Post-Communist Polska: Social Cooperatives legacy
Our Minca Team decided to go to Krakow (Poland) for a short break to visit, interview and film social economy initiatives in July 2014. We were exciting, as we didn’t know what we were going to find there. Krakow has an incredible history behind and what we were really interesting to find out about what Polish people think about the social economy taking into account the fact that Poland is a post-communist country and that some of what we call now ‘social economy’ initiatives were part of the communist system. What we found is that while the old generations connect the social economy with their communist times, the young generations see this as an opportunity for disadvantaged communities and as an alternative to the lack employment opportunities in the country.
Unfortunately, We had only two days in Krakow, so as you (the readers) can imagine we needed to organise our tight schedule properly to be able to follow the full plan.
The first day we arrived around 2.00pm, and when to visit Ambassada Krakowian, an open space for NGOs to collaborate and support. We filmed and interviewed two of the founders of this interesting project that was established just three months ago and discussed about their opportunities and future collaborations with other hubs in other European countries. After that, we had an interview with Rafa Kusa, a passionate lecturer that teaches about leadership and management and social economy initiates at university who briefly explained us about the history of social economy in the country. He also offered himself to give us a tour around the city centre, where we visit the castle and the Kazimierz area, Krakow’s former Jewish district. After that we were so exhausted, we finally decided that we had to go to bed
The next day we woke up early to prepare the material and met Rafal Siudowski that work at the Social Economy Research Centre, an organisation that supports social economy projects in Krakow. We arrived at Republika Marzeń Fundacji Anny Dymnej around 9.00 am. As you probably know, Anny Dymnej is a famous Polish TV, film and theatre actress that supports this social cooperative, which works with people with disabilities through arts and culture. It was a very inspiring and interesting visit and they gave two wonderful books written by disabled people that we are going to use for our mini-documentary about social cooperatives in Poland. We then when to visit Café Hamlet in Kazimier, a social cooperative that employs people with mental health problems and has been operating for more than 20 years in the city. We had Pierogi there for lunch. Yummy! Café Hamlet was the second business opened in Kazimier, after the Jews area was destroyed in the Second World War.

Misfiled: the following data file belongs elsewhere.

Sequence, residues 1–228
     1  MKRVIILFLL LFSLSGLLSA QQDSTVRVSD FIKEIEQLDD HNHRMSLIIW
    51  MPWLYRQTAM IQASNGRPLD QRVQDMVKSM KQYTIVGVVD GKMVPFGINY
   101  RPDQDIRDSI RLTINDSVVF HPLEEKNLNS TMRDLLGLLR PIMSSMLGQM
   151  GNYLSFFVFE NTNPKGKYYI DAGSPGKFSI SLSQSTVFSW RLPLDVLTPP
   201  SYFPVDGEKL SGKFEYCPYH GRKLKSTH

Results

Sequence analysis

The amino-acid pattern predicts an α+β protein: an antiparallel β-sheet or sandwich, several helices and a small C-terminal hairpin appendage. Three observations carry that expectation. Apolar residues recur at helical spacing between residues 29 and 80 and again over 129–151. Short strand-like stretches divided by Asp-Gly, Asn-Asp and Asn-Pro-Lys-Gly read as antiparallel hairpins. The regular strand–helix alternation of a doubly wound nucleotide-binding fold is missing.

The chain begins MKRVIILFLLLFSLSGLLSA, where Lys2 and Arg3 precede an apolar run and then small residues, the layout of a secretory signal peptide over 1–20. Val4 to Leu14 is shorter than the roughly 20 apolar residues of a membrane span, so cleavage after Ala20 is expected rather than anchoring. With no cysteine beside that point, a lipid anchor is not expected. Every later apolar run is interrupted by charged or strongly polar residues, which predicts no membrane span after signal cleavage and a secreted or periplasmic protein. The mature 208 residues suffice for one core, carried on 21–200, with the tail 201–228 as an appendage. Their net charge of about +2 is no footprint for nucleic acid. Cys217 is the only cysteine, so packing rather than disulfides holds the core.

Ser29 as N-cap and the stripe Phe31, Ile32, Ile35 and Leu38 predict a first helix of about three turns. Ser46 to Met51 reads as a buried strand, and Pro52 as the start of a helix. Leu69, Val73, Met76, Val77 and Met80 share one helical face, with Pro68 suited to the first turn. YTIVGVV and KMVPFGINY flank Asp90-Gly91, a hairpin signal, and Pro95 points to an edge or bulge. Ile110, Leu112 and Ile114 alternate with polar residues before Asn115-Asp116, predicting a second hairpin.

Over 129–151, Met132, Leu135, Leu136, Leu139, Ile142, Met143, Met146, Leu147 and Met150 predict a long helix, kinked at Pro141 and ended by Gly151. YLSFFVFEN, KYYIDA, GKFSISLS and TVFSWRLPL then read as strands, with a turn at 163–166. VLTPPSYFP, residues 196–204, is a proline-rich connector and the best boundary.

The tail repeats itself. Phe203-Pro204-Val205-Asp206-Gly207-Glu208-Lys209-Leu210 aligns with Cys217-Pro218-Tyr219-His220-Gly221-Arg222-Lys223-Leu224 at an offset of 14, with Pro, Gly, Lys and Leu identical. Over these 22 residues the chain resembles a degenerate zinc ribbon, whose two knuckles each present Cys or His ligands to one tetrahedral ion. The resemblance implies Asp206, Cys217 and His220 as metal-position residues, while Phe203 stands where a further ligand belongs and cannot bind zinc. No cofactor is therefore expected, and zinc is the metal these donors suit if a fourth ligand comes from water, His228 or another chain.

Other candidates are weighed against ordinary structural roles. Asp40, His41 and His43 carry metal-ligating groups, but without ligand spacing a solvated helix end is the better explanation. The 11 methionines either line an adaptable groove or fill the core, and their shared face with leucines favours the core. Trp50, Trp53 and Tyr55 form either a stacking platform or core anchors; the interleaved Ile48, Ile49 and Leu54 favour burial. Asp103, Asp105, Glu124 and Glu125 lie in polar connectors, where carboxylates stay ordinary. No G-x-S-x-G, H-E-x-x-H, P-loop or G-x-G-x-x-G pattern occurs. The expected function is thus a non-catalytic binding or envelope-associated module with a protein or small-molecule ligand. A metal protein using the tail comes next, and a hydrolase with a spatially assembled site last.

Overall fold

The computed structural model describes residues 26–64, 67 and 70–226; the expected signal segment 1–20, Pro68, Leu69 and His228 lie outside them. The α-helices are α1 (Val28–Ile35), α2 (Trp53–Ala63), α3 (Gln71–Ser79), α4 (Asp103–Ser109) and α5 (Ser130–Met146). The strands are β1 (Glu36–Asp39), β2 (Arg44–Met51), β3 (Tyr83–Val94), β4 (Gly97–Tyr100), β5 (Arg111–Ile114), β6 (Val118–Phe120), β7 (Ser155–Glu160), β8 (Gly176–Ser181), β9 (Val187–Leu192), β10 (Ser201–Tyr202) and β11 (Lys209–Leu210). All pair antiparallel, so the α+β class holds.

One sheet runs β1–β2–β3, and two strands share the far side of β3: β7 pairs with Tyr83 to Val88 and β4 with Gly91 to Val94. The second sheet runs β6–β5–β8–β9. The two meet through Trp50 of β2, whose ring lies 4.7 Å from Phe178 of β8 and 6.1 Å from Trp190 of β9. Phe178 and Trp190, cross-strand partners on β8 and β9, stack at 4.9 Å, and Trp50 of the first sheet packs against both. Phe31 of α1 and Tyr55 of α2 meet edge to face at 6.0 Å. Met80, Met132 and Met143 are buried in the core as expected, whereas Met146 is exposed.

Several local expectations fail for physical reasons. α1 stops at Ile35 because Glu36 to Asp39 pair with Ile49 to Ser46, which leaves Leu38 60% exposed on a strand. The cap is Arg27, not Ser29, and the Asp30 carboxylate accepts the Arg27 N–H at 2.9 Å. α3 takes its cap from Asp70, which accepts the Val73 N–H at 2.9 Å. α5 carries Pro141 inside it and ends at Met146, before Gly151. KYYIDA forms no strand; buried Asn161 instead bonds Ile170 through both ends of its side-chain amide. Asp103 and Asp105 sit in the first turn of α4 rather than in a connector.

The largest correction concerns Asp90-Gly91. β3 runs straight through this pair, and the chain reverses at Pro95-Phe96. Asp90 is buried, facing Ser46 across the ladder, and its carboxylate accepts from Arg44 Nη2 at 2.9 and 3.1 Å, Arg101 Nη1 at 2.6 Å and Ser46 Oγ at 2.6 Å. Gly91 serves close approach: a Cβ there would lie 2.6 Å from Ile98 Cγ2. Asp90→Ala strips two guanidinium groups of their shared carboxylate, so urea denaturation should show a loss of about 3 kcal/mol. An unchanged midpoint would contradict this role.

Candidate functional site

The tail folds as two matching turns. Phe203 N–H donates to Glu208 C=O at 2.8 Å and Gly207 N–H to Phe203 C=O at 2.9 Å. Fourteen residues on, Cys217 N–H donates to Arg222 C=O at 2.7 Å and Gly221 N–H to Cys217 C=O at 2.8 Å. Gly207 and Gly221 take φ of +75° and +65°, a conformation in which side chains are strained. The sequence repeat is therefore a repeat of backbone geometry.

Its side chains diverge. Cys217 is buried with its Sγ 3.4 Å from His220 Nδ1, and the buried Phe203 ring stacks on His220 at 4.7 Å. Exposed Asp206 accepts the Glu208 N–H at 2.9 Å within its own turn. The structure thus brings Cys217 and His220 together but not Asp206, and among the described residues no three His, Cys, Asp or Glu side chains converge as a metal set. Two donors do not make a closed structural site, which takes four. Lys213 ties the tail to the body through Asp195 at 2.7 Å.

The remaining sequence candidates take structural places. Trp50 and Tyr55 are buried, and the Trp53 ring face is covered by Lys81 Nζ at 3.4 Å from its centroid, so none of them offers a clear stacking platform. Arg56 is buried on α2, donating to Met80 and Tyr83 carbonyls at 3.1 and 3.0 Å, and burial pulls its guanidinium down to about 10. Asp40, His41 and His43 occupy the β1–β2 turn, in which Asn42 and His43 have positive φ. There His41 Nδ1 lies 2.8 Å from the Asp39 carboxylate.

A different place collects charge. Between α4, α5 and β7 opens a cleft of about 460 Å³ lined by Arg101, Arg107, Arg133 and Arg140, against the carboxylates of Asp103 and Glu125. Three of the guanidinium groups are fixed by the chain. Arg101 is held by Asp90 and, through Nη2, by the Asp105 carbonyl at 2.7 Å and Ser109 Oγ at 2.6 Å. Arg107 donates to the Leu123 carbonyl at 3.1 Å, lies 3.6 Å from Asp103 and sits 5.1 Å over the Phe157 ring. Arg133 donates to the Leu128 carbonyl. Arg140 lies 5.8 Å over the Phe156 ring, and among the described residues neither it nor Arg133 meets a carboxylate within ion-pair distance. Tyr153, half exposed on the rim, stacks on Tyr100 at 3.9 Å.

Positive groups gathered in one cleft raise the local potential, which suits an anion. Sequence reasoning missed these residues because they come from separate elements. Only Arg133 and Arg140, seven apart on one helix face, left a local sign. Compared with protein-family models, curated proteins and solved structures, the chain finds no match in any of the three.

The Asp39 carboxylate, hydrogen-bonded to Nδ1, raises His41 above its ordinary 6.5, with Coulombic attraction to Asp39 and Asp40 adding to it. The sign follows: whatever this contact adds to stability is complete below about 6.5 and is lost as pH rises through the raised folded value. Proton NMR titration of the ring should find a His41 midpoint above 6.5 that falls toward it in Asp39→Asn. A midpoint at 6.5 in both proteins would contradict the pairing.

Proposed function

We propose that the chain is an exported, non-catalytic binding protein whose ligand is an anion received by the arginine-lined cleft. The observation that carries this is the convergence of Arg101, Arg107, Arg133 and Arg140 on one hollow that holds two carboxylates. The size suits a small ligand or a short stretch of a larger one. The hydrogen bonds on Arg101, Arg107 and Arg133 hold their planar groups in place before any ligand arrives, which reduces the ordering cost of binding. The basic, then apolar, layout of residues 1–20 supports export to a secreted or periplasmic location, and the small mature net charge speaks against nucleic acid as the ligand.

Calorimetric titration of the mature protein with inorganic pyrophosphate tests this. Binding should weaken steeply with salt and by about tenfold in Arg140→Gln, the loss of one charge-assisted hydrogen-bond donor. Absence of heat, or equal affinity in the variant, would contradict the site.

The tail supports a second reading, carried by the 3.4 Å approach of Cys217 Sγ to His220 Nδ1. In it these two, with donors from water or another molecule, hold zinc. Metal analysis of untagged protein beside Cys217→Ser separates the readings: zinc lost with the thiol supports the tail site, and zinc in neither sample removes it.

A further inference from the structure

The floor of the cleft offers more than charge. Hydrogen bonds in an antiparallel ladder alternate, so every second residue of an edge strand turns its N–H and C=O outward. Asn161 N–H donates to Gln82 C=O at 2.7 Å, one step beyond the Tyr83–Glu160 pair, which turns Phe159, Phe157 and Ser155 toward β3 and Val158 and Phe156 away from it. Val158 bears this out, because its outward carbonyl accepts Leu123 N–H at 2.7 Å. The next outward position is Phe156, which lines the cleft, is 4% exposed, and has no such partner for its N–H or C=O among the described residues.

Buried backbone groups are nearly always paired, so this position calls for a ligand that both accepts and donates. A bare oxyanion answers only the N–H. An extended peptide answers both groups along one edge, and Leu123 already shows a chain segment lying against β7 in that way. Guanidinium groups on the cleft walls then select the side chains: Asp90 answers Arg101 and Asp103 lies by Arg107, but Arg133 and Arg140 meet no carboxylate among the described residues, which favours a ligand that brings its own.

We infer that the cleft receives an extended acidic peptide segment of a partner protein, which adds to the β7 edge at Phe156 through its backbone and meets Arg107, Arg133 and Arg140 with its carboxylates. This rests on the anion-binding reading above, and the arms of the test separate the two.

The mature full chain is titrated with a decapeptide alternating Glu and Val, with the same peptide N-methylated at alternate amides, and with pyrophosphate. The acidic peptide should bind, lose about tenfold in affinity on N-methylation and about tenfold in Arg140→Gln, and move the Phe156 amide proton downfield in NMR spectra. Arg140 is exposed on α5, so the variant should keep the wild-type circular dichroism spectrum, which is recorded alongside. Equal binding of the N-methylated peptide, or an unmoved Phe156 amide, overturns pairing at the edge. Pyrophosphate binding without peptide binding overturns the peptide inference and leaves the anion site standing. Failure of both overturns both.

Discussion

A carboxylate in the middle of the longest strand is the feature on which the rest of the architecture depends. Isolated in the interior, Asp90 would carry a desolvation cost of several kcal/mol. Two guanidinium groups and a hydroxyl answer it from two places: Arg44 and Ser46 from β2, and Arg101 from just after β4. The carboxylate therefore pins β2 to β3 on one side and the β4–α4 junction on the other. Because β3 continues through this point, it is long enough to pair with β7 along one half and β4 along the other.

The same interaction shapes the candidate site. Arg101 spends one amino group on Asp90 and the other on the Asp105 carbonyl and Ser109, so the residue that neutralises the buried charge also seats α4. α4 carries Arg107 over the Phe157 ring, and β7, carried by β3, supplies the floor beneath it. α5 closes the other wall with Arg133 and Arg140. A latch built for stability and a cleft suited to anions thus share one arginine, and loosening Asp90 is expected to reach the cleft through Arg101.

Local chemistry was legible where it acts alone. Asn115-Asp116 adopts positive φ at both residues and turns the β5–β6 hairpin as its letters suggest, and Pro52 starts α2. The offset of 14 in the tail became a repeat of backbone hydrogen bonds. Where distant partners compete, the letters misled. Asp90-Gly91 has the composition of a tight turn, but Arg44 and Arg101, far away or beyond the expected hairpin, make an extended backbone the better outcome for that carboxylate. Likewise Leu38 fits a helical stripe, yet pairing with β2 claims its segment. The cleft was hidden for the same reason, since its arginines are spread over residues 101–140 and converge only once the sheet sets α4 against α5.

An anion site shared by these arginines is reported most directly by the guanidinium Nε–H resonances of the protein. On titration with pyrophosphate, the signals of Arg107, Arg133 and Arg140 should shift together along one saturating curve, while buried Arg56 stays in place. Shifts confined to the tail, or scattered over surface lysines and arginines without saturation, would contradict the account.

After this interesting visit, Bart and Jack from the organisation, Złote Rączki, came to pick us up and took us to show their facilities. Złote Rączki is a social cooperative that employs blind people that have just graduated from the best university in the country with a massage degree. We had an interesting conversation with service users and members of the cooperative (blind people) as well as the founders.
Our last visit was at Siemacha, a social cooperative that provides a system to help chidren and young people in education, theraphy and physical development (the key elements to guarantee well being). Siemacha is the biggest social enterprise in the country with more than 350 employees. Dominik, the communication manager received us and gave us a tour around the installations as well as we interviewed him.